This experience and delayed recognition of gaslighting is sadly not uncommon, says Melissa Cliffe, psychotherapist and spokesperson for UK Council for Psychotherapy. 'One aspect of gaslighting is that the conviction of the gaslighter is strong enough to cause the gaslightee to doubt their own perception,' Cliffe says, highlighting the fact that Reece would look me dead in the eyes as he lied.
It’s so much easier to spot retrospectively as it’s only once the power dynamic has changed – or once the person being gaslit is willing to hold their own or walk away – that they can recognise what has happened, she adds. 'Not knowing the signs [until later on] is another reason too, sometimes we may feel that something isn’t right but can’t quite put our finger on exactly what.'
One of the core components to gaslighting, Cliffe explains, is that the relationship in question is so important to the person being gaslit that they don’t want to risk rejection, abandonment or rocking the boat. 'When the stakes are high, so is the potential for harm. We may be so keen to sustain the relationship that it prevents us from acknowledging problems.' And it’s not only romantic encounters that can have this power imbalance either; gaslighting can come into play between a boss and an employee, or within friendships.
When I started plotting out my debut novel, The Wrong Move, all about a twisted flatshare, I had no idea that Jessie (the central character) was going to have an abusive ex-partner, Matthew, dogging her thoughts, making her second guess her sanity. But when thinking of the darker experiences my own brain has gone through, that early relationship elbowed its way to the forefront. It took me by surprise. I was sat at my desk gearing up to write about the complexities of millennial living arrangements, of finding people to split an electricity bill with via an agent or website. I wasn’t there to rake up my teenage trauma. But, I realised, several chapters in, that relationship had left me coated with anxiety and confused by my reality. Just like any good thriller should.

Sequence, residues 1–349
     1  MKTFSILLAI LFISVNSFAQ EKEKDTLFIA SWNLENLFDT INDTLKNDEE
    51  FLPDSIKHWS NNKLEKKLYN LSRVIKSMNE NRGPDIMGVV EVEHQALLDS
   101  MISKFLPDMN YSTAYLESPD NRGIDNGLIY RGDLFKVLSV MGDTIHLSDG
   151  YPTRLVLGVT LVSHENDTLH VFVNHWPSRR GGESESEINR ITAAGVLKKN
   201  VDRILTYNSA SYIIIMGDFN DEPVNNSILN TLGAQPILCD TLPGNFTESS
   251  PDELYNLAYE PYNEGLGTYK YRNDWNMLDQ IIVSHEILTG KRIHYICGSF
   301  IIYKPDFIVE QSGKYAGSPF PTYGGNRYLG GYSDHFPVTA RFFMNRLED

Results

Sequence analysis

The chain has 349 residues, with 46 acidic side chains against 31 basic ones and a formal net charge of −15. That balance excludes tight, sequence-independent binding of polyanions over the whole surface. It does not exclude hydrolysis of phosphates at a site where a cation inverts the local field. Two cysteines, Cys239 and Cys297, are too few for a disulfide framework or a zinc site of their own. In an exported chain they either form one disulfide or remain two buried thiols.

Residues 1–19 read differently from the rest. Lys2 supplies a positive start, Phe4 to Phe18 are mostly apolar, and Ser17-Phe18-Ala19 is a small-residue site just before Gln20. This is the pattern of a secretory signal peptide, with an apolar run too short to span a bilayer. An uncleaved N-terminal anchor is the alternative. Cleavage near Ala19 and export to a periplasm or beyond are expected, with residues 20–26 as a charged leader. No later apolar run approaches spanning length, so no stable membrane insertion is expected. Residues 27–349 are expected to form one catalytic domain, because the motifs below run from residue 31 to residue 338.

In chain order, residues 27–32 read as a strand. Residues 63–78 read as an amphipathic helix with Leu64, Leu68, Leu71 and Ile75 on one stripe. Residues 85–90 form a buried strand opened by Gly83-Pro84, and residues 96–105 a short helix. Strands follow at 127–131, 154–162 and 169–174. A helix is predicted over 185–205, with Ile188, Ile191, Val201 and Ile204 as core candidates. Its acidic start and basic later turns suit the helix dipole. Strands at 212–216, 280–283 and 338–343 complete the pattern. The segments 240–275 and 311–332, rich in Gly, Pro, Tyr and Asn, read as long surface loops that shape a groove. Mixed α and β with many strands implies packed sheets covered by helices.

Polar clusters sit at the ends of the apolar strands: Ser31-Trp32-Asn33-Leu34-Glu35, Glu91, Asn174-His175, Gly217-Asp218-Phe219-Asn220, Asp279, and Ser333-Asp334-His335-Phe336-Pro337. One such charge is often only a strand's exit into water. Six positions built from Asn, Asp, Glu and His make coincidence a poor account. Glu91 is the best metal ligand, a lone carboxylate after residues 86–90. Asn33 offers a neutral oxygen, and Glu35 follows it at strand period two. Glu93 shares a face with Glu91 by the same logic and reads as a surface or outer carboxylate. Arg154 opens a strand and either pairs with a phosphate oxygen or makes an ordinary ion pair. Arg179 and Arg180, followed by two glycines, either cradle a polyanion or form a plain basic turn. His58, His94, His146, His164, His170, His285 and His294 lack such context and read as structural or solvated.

Now, I’m grateful for the experience, knowing that it helped to propel me towards the deadline of my first draft. Some of the worst people in your life can, ultimately, serve as some of the best inspiration.
Gaslighting: what to do if you suspect it's happening to you
'Gaslighting leaves us believing that we are the problem,' says Cliffe. It’s important to take note if you’re doubting or questioning yourself, wondering if you’re ‘too sensitive’ or regularly feel confused (or as though you’re ‘going crazy’). 'Another sign is if you’re the only one in your relationship doing any self-reflection.'
Find outside support
'When we’re invested in a relationship, we want to defend it and this makes it hard to hear concern from well-meaning loved ones,' notes Cliffe. 'In some cases, this can cause a person to isolate further from those who want to help.' Talk to a trusted loved one, or call a support line such as Relate, if you’re worried that you’re being gaslit. An outside perspective can be hugely helpful.
Trust yourself again
As a process, gaslighting often happens gradually. 'It might start subtly, or be minimised with humour, but over time labels – such as being called mental, sensitive or inadequate – can be weaponised until you believe and feel defined by them,' explains Cliffe. Your intuition, ability to rationalise and feelings (the very things that should be guiding you) feel unreliable. 'If you’re being gaslighted, it’s important to learn to trust yourself again.'
* The Wrong Move by Jennifer Savin (Ebury Publishing) is out now and available from Amazon, Waterstones and all good book shops